The video excerpt portrays a discussion of major lessons for La Escuelita participants. These lessons include eating healthy fruits and vegetables and strategies for making home remedies and recipes. The video also illustrates the methods through which health and wellness literacy is practiced in the program, specifically, through art and cooking that position learning as a community and historically based practice.
In one of the most salient Escuelita sessions, a bicultural health educator explained that the amaranth seed; which was a major element of the daily diets of the Nahuatl-speaking world, or Latin America, before the conquest; is now a coveted superfood in mainstream America. Amaranth was outlawed during Spanish colonization, but it continues to be a sacred seed in Nahua communities. The seed is no longer illegal, but, for most Escuelita participants, knowledge of its existence and uses had been forgotten through colonization. In their scrapbooks and focus group discussions, participants expressed that the preparation of licuados, or smoothies, with amaranth and other Mexican superfoods (chia and spirulina) during La Escuelita sessions reinvigorated their interest in the past and brought to the fore the fact that their ancestors had healthy practices, which participants could incorporate and sustain at home for health and wellbeing (See Figure 2).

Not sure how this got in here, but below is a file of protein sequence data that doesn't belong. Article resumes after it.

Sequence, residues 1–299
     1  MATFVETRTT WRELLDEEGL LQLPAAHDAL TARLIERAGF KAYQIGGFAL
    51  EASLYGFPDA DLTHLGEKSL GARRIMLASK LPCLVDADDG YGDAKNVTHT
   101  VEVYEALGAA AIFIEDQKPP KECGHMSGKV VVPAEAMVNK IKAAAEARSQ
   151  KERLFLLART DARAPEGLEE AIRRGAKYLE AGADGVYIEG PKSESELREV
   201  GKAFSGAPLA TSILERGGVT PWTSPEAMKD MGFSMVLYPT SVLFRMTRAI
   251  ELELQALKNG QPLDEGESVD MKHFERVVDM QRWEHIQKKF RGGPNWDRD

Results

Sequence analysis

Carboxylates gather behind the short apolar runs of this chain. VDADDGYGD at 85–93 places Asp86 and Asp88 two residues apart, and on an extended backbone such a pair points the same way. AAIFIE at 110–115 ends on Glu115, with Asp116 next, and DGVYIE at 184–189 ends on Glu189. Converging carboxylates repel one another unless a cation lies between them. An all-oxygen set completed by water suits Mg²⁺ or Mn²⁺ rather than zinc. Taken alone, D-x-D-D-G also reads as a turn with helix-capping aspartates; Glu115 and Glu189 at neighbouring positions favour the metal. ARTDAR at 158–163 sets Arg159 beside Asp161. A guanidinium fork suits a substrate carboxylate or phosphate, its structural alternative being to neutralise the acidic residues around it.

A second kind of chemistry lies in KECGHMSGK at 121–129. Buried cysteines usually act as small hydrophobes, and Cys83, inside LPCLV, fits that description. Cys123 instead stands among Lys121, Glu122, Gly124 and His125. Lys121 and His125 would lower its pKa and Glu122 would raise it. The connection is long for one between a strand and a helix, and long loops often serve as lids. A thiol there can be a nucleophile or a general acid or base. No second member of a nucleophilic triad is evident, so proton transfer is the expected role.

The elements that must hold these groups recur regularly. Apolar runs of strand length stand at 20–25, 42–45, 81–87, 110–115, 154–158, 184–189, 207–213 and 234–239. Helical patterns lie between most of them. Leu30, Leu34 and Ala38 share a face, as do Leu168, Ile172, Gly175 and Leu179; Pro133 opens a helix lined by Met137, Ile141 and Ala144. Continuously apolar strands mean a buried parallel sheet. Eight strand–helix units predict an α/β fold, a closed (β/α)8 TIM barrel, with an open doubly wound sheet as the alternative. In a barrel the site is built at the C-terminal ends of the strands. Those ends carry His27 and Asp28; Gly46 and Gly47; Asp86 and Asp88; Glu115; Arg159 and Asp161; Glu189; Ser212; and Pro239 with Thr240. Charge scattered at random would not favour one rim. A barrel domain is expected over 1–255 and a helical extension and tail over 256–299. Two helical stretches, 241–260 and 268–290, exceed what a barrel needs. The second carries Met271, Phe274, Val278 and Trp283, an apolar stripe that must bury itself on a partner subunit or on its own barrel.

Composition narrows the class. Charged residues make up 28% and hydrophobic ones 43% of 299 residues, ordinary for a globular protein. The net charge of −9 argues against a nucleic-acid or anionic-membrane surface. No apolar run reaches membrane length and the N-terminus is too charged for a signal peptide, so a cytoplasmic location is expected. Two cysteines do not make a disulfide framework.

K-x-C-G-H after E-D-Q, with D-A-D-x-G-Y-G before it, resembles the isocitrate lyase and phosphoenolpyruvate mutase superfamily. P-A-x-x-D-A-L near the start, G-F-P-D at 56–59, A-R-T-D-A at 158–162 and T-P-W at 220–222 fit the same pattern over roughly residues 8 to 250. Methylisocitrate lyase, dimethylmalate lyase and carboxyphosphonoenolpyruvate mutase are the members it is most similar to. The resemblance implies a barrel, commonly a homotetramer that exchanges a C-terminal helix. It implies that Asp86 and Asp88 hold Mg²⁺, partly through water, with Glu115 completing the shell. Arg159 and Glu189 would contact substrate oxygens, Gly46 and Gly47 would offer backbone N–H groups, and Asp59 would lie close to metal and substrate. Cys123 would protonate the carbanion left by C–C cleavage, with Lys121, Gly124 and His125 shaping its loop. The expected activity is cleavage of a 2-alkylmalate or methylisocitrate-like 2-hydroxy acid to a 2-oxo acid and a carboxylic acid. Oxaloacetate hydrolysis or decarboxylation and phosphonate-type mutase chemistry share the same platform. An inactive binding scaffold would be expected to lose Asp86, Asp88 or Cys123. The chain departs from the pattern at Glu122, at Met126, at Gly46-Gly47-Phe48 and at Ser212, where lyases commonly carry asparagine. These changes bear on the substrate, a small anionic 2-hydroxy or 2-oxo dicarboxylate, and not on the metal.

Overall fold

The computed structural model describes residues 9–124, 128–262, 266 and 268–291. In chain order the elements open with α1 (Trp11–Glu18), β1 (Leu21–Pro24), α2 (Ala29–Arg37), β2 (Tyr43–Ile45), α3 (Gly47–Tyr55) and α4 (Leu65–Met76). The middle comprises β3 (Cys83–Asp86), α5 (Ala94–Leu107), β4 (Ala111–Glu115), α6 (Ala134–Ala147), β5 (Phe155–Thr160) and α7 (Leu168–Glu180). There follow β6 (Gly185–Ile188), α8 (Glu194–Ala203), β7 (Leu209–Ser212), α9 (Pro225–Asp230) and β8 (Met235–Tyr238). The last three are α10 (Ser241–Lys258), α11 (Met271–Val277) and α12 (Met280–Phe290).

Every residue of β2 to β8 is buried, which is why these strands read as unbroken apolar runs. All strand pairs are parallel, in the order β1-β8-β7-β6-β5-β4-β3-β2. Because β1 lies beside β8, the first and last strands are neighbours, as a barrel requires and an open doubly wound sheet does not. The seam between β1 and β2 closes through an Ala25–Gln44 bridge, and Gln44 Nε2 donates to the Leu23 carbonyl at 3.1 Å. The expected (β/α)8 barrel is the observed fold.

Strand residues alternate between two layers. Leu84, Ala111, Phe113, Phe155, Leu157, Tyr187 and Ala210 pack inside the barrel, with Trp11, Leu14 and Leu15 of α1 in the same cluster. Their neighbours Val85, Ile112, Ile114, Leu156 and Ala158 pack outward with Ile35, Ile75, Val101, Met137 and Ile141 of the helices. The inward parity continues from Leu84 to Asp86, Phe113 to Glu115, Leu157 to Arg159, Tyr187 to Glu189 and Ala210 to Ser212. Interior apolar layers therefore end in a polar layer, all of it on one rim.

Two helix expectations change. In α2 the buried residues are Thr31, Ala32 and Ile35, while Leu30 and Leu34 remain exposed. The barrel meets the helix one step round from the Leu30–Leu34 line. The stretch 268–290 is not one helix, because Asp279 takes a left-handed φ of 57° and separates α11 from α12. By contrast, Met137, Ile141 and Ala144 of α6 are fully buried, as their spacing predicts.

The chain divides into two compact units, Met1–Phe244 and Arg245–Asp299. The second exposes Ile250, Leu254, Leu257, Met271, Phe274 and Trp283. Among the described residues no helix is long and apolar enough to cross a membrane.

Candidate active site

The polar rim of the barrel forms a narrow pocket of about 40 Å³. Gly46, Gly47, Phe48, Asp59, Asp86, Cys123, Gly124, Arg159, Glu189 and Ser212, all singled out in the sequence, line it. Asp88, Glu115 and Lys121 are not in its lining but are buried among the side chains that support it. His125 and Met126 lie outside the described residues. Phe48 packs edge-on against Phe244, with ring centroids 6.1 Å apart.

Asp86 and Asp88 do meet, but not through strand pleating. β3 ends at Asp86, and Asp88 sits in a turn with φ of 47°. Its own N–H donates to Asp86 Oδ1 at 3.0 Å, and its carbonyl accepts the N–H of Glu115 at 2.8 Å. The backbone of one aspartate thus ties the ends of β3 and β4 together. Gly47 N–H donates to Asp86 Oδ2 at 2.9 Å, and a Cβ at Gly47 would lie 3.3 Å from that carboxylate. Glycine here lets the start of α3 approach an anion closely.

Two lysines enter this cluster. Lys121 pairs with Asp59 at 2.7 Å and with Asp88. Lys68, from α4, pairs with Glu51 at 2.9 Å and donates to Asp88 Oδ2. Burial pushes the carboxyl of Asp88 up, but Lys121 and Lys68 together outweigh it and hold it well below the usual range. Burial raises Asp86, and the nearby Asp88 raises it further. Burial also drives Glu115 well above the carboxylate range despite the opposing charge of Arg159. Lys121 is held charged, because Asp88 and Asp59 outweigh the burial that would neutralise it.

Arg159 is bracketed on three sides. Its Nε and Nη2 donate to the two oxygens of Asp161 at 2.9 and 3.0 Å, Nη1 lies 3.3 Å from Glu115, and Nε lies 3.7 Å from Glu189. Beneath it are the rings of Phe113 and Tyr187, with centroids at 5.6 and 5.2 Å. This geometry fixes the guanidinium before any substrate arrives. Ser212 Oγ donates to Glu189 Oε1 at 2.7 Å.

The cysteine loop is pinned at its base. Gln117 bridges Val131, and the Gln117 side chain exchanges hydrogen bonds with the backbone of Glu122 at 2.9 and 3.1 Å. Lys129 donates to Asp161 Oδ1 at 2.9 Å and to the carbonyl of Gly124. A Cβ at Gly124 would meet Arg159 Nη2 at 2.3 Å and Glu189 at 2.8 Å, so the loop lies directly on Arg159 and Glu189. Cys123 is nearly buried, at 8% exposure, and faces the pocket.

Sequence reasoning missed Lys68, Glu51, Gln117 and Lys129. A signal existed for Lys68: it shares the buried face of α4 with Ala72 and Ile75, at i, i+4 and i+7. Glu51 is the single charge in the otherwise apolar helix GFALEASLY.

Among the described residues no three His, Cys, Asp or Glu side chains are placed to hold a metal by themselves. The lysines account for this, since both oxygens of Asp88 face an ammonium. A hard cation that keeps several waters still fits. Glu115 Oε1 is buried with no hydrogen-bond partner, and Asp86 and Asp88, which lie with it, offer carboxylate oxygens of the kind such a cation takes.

Theme 2: Self-Awareness, Self-Expression, Confianza, and Healthier Habits through Mindfulness